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GMIC 2012: Mobile Games As a Revolution in Storytelling?

Game Panel

What does a panel of several big names in the mobile gaming industry sound like? It sounds a bit like it is redefining the word “hubris,” though that might be expected from some of the largest names worldwide.

The defining subject of Friday’s discussion at GMIC2012 on mobile gaming was on the theme of emotions and character identification, as several industry leaders gathered to speak their minds on the nature of their success and their prospects for the future. The panel included such names as David Roberts, CEO of PopCap; Narry Singh, CBO of Outfit7; Phil Larson, CMO of Halfbrick; Henri Holm, SVP of Rovio; and Diana Moldavsky, CRO of Zeptolab. The moderator, Akio Tanaka of Infinity Venture Partners, did a thorough job grilling the panelists through a thoughtful discussion on their understanding of such topics as Disney, character development, and branding. The conversation was long and lively, and Mr. Tanaka skillfully balanced all of the speakers’ thoughts.

When asked about Disney, most agreed that the greatness of Mickey Mouse ultimately came from what Phil Larsen described as Disney’s “massive entertainment franchise.”  The consensus was that their characters and brands ultimately had a phenomenal appeal to people’s emotions.

Likewise, many of the panelists themselves had something to say about their own products’ emotional appeal. We are “really in the business of emotions,” said Ms. Moldavsky. Our character Omnom, really “touches users” in a way that others do not, according to her assessment.

Still, they took a critical perspective, as some of them heralded the coming downfall of traditional character development. It would no longer be enough to simply “create movies anymore,” as Mr. Holm contended. “We live in an era where you need to be with your fans and with your brand at every moment,” he explained.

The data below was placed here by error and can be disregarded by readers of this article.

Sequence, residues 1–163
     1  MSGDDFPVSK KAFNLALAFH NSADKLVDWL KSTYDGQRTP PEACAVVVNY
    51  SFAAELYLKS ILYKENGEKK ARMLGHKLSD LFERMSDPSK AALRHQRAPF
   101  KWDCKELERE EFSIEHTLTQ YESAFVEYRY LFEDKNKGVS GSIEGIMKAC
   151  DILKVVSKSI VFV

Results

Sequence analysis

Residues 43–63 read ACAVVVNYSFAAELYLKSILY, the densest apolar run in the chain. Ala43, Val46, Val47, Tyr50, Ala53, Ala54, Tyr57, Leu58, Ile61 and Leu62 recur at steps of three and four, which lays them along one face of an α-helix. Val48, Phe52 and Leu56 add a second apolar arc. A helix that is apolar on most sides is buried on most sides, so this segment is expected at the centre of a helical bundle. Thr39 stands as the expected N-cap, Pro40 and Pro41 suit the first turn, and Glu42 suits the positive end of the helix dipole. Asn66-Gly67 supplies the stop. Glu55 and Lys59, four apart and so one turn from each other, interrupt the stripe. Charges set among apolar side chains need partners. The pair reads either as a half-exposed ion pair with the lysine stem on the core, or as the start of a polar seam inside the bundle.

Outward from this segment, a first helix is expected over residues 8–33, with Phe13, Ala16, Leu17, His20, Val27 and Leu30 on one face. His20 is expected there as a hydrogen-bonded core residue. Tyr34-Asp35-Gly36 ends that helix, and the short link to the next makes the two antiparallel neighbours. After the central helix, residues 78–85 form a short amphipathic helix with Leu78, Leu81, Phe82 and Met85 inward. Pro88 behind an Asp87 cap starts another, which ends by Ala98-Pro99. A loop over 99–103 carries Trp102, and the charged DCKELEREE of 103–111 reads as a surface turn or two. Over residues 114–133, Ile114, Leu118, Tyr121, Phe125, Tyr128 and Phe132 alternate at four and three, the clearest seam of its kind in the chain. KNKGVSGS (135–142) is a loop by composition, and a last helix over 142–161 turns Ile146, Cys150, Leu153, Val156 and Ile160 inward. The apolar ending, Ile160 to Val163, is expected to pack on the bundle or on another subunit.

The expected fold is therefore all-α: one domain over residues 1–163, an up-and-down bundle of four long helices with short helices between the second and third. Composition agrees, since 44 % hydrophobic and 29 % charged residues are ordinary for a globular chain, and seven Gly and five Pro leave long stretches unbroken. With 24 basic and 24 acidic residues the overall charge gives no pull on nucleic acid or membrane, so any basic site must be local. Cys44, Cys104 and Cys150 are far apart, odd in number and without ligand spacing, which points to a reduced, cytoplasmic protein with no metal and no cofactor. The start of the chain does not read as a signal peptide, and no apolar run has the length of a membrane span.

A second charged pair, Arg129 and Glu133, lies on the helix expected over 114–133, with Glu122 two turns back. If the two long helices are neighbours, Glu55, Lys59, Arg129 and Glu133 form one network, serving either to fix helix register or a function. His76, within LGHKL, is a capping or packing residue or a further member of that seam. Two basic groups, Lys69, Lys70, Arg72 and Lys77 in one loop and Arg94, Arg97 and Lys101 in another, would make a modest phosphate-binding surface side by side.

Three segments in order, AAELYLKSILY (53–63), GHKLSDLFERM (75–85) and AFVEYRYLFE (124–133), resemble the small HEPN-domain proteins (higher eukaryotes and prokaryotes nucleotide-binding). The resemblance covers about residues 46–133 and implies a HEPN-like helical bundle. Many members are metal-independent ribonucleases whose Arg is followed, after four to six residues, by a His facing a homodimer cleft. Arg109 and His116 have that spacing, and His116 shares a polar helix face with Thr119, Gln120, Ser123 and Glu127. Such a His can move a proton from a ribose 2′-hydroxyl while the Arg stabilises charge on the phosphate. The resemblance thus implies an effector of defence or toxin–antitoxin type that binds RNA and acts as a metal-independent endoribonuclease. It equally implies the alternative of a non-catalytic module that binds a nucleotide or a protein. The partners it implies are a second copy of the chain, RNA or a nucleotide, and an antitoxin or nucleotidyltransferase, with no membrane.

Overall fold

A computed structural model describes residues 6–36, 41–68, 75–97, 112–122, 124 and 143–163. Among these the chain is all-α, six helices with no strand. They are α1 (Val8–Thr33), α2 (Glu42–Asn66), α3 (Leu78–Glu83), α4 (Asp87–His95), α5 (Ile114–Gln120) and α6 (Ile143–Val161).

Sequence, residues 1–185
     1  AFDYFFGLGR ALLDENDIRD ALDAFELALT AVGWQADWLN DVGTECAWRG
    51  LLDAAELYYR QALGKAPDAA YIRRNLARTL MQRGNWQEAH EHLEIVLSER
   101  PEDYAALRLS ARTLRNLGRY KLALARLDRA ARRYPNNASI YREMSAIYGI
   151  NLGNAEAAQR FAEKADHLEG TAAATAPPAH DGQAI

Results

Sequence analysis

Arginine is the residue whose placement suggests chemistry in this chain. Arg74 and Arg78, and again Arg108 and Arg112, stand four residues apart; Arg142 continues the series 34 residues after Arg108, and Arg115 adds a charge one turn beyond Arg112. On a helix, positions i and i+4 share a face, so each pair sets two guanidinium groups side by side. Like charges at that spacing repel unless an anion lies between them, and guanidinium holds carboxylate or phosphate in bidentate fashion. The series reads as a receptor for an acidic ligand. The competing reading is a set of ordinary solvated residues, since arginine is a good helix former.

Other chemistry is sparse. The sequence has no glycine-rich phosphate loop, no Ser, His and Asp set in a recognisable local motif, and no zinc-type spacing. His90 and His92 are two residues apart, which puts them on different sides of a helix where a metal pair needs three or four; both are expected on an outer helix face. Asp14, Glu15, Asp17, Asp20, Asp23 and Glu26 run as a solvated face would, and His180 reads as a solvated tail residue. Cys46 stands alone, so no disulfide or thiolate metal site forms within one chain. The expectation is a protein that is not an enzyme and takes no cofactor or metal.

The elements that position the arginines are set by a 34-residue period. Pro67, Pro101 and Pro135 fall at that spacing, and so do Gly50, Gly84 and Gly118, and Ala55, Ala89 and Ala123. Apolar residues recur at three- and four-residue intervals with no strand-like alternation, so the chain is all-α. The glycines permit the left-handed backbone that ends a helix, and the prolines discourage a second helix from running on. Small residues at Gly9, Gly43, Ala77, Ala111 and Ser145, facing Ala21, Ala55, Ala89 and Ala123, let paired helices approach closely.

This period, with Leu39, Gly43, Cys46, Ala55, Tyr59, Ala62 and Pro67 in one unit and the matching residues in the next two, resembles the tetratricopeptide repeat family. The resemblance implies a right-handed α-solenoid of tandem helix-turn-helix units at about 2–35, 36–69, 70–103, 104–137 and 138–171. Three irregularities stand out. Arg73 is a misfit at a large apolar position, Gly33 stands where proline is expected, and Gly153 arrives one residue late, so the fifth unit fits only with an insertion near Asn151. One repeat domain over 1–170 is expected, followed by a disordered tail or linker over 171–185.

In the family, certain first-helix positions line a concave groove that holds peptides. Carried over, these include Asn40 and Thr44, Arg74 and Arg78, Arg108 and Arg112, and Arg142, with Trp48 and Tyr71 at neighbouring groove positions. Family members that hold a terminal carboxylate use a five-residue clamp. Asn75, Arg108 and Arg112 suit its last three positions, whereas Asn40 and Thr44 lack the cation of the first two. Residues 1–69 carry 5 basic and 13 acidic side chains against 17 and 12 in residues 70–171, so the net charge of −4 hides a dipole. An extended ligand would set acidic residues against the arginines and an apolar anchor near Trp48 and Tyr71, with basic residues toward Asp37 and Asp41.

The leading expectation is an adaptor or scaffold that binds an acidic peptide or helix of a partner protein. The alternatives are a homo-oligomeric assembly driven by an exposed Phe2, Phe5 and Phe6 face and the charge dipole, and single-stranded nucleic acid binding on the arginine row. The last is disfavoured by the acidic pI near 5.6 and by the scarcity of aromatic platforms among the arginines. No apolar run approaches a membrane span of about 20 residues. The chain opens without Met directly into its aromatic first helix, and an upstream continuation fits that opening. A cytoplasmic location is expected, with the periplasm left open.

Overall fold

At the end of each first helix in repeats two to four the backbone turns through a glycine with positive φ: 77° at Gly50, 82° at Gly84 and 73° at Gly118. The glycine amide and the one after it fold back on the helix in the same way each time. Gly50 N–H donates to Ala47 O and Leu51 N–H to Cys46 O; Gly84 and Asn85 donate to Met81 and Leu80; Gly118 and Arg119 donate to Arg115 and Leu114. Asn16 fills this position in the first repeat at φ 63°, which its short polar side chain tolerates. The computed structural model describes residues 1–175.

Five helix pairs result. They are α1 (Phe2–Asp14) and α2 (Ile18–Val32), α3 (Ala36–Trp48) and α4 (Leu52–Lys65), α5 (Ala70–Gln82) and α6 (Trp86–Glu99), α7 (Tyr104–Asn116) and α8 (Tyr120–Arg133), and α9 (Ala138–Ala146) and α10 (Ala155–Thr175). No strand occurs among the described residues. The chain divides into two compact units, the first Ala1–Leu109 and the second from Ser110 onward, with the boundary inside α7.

Agreeing with this idea, Mr. Larson added, “Don’t just get users, get fans,” in other words, “If you have a product that people can engage, then you’re already upstream.”

Ms. Moldavsky also dovetailed this thought, declaring that though everyone likes Mickey Mouse, they now have Omnom, “who kids can see anytime they want.”

Rather boldly, Narry Singh went on to say that, “We’ve destroyed traditional storytelling” by changing the nature of the “start, beginning, and end model.” He said that it would be interesting to see which companies would be around in 100 years.

So how competitive were they? While most panelists had a sense that their brands were becoming quite influential,  David Roberts differed with the other panelists on this idea and tempered the conversation a bit. He believed that Disney would continue to be the most likely survivor in 100 years, saying that Pixar “is still one of the most amazing and consistent fountains of creativity in the world.”

The others disagreed, claiming that the frequency of contact would define the change of character development and branding. Mr. Holm said that it would become more important to keep the fans “close at all times.”  Echoing this idea, Mr. Singh declared that the “movie business is becoming more like the restaurant business,” where the model is 3-times-a-day rather than once in a while.

So what were these companies doing to monetize? For Rovio and Halfbrick, they were merchandising. Rovio was even said to be offering Angry Birds underwear in Australia. On its own front, PopCap was also doing some clothing lines with Metrs/Bonwe, as well as kid’s books for Plants vs. Zombies.

Still, they all conceded that their main sources of revenue were elsewhere. It was just that the appeal of the Chinese market was impossible to ignore.

Most panelists felt that their products and characters would ultimately be successful in China, given the fact that they had made incredible progress already. According to Phil Larson’s assessment, “Every place has problems, you just need to find the right partners to make it work.”

China is a market with a lot of potential, and the numbers do not lie, but it remains to be seen if Chinese consumers will be highly enamored of game characters over Disney characters. We will have to see which model ultimately stands the test of time.

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